MANILA – Muntinlupa Rep. Ruffy Biazon has welcomed the plan of the Philippine National Police (PNP) to roll out body-worn cameras (bodycams) to ensure the integrity of police anti-drug operations.
Biazon said the use of body cams by policemen will hold erring law enforcers accountable and at the same time, disprove false accusations made against the police.
“It took years of reluctance and even a procurement corruption controversy before the PNP decided to implement the use of bodycams, but we now look forward to police operations where any abuse of law enforcement will have video-recorded evidence, which can be used to hold erring policemen accountable. On the other hand, false accusations against law enforcers will be easily disproved as the recordings from cameras worn by police personnel will show the step-by-step actions they take in operations,” Biazon noted.
The lawmaker authored a bill requiring law enforcement personnel to wear body cameras during law enforcement and special police operations. He said the cameras by themselves are not what make them effective tools in ensuring transparency in police operations, but rather the entire system, including the archiving of hardware and software.
“Most important yet are the protocols and procedures on the use of the cameras, data processing and storage, and the legal use of the recorded material as evidence,” he said, adding that the passage of his proposed law would provide a legal cover on the use of the equipment, which would ultimately produce evidence that could be used in court.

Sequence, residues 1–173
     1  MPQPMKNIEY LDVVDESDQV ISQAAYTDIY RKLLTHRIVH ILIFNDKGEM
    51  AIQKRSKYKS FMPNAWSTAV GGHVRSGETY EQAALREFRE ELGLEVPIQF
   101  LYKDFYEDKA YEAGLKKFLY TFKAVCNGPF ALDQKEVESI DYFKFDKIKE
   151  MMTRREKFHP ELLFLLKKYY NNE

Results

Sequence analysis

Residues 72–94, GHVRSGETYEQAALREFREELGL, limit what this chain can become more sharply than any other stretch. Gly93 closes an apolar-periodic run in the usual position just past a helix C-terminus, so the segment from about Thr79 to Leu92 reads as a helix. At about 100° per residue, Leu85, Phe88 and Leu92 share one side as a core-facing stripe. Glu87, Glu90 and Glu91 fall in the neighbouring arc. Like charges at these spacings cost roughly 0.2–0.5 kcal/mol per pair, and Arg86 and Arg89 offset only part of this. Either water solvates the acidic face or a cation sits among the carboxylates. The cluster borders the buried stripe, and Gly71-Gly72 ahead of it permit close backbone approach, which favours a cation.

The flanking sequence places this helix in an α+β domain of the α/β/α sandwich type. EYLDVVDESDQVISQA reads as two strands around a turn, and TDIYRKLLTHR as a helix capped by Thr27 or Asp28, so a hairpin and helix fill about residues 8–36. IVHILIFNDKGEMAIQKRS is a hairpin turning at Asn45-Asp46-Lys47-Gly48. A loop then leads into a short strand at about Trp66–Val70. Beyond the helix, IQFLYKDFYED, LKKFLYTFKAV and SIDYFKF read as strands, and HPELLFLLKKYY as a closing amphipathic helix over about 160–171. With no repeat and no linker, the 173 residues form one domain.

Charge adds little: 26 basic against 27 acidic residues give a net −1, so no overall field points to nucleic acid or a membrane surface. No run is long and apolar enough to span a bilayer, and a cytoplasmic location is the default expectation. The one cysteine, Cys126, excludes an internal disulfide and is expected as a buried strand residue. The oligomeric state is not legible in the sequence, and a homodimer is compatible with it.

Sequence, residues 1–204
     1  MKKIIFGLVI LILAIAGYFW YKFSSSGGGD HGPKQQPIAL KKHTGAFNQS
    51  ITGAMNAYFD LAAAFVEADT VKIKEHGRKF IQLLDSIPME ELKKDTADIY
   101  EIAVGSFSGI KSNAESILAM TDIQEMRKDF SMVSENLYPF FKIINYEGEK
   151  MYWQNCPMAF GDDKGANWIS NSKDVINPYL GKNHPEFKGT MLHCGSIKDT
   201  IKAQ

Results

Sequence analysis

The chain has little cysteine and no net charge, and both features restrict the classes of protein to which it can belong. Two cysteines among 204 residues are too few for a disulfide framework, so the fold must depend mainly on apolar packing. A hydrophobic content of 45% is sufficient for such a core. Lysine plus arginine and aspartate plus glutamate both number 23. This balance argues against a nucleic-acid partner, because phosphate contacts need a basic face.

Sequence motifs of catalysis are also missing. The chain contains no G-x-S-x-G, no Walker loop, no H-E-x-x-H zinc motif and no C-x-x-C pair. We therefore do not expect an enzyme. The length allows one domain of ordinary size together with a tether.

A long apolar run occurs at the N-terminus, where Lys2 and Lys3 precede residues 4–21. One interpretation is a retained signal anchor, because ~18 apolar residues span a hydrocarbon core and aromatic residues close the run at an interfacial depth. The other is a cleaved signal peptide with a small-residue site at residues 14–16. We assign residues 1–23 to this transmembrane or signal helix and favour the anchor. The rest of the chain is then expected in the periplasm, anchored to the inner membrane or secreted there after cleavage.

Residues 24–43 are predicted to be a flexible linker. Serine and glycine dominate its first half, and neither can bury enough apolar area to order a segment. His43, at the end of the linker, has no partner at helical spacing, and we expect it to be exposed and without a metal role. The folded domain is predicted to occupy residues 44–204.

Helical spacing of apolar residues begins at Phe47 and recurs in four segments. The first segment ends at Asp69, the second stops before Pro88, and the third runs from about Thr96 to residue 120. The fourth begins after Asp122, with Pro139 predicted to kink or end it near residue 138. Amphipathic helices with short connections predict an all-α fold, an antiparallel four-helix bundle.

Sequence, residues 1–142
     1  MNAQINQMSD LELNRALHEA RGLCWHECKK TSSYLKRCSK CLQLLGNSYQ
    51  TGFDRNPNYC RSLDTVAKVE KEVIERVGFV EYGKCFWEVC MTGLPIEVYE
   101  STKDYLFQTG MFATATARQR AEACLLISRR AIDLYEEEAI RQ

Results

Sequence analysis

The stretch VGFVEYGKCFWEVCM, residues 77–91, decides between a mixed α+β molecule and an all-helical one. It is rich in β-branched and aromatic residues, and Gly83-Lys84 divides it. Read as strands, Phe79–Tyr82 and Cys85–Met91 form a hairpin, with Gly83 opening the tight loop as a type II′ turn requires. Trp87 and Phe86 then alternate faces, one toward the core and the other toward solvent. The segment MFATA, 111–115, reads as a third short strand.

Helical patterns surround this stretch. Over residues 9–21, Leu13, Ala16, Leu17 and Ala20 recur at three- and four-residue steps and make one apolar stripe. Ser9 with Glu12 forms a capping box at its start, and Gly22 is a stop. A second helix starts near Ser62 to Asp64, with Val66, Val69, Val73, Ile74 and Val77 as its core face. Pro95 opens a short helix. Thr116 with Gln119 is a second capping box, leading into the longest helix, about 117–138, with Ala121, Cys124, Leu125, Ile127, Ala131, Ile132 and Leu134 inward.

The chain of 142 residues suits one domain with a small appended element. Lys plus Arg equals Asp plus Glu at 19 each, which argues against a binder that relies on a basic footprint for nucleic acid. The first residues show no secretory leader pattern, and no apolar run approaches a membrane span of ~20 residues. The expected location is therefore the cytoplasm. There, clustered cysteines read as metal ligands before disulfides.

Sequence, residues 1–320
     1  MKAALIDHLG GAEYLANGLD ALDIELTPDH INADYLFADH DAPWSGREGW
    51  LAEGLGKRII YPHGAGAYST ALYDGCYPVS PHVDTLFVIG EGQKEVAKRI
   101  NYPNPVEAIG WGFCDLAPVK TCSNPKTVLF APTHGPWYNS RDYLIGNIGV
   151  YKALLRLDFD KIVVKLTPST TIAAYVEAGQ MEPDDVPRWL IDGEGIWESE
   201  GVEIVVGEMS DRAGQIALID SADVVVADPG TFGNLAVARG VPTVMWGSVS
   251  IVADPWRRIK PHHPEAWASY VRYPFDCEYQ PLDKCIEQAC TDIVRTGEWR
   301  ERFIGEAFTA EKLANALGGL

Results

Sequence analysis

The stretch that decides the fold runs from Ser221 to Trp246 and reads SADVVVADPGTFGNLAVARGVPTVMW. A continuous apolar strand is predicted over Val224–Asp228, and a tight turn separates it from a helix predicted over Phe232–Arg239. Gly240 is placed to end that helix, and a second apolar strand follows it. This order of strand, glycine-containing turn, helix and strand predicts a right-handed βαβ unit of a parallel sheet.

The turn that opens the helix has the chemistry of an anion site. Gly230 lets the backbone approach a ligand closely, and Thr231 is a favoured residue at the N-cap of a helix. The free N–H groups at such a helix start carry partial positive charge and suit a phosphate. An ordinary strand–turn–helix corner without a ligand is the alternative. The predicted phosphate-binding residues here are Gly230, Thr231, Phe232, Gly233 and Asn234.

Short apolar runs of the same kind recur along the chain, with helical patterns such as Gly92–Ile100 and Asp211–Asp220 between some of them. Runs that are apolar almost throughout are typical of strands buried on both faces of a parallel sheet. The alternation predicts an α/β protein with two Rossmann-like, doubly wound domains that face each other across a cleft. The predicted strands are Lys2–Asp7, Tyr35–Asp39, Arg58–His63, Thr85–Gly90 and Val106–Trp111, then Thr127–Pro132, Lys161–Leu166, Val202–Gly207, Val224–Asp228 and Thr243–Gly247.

“I urge my colleagues in the House to begin deliberations and ensure the swift passage of the bill since the PNP is about to begin using the body cams they have purchased,” he said.
Under Biazon’s bill, the deactivation of body cameras shall be prevented until an encounter or operation has been fully concluded and the law officer has left the scene. The bill also provides for the storage and archiving of video footage for at least three years from the time it was recorded.
The PNP said it now has some 2,600 body cameras that are up for tests on October 12 before their distribution to police field units, with anti-drug operations getting priority in their distribution.